Former Rangers FC administrator suing top law chiefs for £9m

A former Rangers FC administrator who was arrested during the investigation into the club’s affairs is suing Scotland’s Chief Constable and most senior prosecutor for £9 million.

A former Rangers FC administrator who was arrested during the investigation into the club’s affairs is suing Scotland’s Chief Constable and most senior prosecutor for £9 million.

David Whitehouse, 51, is seeking the sum from Police Scotland boss Philip Gormley and Lord Advocate James Wolffe QC.

Mr Whitehouse and his colleague Paul Clark were detained and charged by police investigating businessman Craig Whyte’s takeover of the club in 2011.

Charges against the two men were later dropped following a court hearing before judge Lord Bannatyne in June 2016.

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But Mr Whitehouse claims that his detention by police officers who were investigating businessman Craig Whyte’s takeover of the Glasgow side was “wrongful”.

Lawyers acting for the insolvency practitioner claim that their client was “unlawfully detained” by detectives in November 2014.

They also claim that throughout the period of detention, there was no reasonable grounds to suspect that Mr Whitehouse had broken the law.

Mr Whitehouse also claims that police obtained evidence without following proper legal procedure.

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The lawyers also claim that prosecutors issued an indictment against Mr Whitehouse without any “evidential basis”.

Mr Whitehouse claims the actions of police and prosecutors resulted in him suffering damage to his reputation of being a first class financial professional.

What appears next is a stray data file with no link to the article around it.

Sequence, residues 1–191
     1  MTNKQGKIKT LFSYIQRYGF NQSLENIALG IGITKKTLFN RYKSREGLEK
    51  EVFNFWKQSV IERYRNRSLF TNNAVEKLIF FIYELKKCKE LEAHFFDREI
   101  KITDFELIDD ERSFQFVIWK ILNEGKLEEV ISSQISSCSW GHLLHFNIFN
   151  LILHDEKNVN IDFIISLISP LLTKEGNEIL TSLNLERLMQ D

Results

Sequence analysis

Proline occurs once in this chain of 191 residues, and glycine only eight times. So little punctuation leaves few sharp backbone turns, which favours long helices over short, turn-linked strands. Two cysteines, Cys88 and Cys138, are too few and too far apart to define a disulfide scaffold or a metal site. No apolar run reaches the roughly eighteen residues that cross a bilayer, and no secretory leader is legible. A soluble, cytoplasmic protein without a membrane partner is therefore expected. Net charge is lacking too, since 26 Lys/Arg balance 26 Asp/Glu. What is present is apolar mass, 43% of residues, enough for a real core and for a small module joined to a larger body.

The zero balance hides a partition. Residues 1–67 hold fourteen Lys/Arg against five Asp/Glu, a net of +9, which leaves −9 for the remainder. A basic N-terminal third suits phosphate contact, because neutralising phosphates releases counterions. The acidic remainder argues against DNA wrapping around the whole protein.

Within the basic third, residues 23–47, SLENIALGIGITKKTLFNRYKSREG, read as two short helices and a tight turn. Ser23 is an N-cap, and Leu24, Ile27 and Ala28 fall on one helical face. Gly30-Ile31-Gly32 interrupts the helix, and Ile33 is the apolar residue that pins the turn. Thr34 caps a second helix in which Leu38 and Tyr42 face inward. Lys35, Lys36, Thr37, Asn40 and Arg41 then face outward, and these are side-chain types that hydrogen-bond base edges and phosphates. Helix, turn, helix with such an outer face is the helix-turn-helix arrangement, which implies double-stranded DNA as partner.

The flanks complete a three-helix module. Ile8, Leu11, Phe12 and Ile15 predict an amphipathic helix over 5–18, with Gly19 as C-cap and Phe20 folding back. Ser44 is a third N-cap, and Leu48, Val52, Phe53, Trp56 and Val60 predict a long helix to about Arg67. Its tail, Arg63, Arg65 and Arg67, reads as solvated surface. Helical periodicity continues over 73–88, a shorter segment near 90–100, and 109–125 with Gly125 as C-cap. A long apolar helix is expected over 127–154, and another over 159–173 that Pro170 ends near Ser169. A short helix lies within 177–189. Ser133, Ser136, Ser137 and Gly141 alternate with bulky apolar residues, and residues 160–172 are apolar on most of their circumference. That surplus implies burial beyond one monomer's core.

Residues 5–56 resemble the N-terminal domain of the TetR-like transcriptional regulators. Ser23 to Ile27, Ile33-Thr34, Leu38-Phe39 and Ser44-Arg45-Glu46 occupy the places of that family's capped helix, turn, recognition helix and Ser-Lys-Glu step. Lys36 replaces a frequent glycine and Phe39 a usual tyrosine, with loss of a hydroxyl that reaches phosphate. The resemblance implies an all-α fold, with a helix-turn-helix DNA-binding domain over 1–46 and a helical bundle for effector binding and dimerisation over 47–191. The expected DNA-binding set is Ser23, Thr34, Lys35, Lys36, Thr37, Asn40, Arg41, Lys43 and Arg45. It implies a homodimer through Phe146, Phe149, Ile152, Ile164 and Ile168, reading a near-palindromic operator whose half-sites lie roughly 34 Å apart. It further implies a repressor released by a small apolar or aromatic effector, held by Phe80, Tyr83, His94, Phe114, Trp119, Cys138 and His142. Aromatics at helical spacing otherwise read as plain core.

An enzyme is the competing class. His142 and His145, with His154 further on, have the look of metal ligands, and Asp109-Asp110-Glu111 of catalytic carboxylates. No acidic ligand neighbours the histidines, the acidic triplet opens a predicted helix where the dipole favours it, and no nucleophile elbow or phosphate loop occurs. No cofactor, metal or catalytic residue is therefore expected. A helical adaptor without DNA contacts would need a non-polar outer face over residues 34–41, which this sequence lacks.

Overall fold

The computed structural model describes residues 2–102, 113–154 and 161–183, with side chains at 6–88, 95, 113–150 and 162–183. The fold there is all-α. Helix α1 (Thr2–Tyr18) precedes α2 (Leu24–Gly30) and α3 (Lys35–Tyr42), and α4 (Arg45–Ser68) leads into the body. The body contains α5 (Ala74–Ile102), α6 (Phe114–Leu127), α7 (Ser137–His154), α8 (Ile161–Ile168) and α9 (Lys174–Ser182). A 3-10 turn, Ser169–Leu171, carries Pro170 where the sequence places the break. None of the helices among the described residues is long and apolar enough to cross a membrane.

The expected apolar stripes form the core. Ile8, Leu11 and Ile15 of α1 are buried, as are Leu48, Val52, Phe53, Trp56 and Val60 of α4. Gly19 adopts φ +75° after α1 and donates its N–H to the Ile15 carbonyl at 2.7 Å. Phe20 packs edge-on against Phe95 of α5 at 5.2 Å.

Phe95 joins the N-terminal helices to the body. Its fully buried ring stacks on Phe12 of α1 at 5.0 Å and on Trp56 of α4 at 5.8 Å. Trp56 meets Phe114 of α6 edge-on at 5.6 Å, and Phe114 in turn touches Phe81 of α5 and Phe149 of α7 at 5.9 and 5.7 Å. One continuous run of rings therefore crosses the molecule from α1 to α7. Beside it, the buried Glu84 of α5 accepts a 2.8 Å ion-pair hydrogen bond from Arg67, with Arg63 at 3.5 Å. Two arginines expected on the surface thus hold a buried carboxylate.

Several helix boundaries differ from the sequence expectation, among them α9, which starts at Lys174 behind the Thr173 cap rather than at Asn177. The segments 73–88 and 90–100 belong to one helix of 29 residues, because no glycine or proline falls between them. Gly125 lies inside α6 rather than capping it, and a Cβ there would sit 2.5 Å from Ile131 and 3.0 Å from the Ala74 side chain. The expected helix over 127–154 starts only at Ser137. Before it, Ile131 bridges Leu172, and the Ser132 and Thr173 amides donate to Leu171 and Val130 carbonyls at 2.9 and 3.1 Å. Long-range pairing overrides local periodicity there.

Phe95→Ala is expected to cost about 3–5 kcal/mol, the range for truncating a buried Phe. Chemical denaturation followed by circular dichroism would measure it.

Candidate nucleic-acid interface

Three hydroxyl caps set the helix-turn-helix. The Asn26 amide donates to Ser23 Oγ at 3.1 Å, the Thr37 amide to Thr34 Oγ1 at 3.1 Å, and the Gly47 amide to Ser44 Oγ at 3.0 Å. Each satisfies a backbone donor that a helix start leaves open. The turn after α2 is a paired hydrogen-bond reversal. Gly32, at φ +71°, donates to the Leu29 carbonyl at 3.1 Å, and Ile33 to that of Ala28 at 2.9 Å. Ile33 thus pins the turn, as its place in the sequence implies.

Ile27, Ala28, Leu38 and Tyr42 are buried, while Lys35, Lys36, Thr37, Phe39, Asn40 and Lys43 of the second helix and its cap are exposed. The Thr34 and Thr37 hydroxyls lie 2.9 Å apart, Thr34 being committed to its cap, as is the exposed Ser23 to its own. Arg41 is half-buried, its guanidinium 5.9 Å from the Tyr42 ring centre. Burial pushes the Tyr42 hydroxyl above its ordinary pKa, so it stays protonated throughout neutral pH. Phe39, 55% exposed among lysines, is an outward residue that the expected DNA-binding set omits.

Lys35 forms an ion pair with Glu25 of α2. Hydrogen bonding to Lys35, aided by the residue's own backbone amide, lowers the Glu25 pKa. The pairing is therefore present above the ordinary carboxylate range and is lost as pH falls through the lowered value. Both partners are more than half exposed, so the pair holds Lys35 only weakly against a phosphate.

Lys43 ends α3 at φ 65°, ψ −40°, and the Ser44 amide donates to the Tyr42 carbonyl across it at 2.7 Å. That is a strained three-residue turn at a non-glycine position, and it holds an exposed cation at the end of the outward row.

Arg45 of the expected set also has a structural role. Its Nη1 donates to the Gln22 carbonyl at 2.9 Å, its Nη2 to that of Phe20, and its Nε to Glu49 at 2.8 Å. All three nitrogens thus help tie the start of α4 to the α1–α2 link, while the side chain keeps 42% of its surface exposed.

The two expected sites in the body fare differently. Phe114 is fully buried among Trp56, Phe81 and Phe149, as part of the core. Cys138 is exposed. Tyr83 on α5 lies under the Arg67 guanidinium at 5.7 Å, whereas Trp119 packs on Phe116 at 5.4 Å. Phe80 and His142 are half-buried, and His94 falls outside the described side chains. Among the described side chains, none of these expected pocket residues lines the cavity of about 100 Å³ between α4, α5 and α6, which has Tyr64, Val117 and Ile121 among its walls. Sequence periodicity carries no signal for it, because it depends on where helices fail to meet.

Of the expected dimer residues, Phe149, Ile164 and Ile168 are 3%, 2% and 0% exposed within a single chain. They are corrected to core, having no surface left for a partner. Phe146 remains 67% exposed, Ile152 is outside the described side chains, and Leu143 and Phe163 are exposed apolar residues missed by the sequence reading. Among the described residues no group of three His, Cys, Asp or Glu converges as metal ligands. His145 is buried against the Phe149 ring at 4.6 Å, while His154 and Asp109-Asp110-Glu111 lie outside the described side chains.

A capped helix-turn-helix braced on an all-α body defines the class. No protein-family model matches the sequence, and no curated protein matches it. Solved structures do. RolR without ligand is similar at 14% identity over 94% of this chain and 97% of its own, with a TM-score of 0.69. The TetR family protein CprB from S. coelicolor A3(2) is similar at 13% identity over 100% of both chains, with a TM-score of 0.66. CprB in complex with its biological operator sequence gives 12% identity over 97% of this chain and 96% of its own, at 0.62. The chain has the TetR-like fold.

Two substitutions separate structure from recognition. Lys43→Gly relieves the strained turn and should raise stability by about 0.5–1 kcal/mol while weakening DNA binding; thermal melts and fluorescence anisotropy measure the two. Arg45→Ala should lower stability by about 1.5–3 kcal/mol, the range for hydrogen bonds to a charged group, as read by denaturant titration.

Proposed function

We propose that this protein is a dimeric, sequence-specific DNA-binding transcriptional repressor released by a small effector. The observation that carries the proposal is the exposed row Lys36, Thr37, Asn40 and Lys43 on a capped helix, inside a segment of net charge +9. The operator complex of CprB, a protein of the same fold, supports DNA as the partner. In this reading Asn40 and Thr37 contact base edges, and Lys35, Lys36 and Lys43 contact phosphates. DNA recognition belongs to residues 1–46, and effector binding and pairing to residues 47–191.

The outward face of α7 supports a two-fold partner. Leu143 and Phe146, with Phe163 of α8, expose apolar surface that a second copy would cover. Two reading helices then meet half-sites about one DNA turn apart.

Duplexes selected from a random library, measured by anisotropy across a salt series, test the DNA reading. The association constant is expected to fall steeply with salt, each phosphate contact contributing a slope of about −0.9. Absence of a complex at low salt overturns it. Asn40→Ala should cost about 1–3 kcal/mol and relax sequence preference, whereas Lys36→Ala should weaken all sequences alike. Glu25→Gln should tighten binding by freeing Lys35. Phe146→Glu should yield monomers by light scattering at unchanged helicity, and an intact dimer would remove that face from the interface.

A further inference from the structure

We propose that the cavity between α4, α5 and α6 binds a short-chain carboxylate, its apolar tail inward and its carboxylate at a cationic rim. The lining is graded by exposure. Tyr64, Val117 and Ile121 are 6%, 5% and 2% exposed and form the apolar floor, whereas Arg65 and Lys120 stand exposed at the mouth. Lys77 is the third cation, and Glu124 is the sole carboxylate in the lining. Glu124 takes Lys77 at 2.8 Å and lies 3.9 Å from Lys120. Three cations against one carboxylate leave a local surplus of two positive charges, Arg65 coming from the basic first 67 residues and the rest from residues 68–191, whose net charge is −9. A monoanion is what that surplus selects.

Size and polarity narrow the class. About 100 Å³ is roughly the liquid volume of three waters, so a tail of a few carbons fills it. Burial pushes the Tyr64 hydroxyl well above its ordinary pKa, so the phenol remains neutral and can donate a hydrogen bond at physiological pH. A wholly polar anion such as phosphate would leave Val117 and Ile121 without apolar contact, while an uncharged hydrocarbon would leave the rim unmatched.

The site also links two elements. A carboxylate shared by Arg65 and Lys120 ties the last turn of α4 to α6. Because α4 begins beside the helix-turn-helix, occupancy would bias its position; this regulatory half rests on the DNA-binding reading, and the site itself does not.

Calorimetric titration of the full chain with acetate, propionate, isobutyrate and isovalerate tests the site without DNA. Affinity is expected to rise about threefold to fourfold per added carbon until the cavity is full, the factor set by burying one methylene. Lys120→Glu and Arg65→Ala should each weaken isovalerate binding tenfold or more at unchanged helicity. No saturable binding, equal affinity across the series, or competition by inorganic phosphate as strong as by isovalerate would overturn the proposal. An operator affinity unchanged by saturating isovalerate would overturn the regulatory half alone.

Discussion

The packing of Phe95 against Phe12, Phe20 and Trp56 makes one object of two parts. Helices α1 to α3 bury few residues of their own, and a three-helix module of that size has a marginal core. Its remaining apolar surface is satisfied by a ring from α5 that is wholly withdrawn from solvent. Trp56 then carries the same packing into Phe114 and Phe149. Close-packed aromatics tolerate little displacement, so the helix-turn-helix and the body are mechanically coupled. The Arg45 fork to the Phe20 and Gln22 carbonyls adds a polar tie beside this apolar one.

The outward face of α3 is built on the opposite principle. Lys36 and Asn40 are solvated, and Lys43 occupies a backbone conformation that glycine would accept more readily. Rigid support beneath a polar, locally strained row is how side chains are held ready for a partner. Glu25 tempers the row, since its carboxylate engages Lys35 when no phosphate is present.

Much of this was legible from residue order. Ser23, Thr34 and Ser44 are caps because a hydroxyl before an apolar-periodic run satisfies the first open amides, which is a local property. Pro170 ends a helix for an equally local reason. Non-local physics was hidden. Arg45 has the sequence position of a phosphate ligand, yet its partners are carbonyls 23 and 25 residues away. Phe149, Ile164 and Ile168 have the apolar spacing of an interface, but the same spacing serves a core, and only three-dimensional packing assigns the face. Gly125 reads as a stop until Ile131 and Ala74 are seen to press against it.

The businessman, of Cheshire, claims that his arrest caused him to suffer a £1.75 million loss to his earnings.

Mr Whitehouse says that between 2009 to 2014, his gross earnings averaged £988,000 per year. He says that he only made £408,400 in 2015 and £401,733 in 2016.

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His lawyers say he lost earnings because he lost his licence to operate as an insolvency practitioner and he had lost out on bonuses. Mr Whitehouse also claims that his arrest caused knock-on effects in other part of his life.

He says that while in police custody in 14 November 2014, a senior anti-terrorist police officer told him that his life and home were at risk.

Mr Whitehouse says that his insurers then declined to renew his home insurance.

Yesterday, lawyers acting for Mr Whitehouse appeared during a procedural hearing at the Court of Session in Edinburgh. It emerged Mr Whitehouse’s colleague Paul Clark and fellow administrator David Grier are also to sue the Chief Constable and Lord Advocate.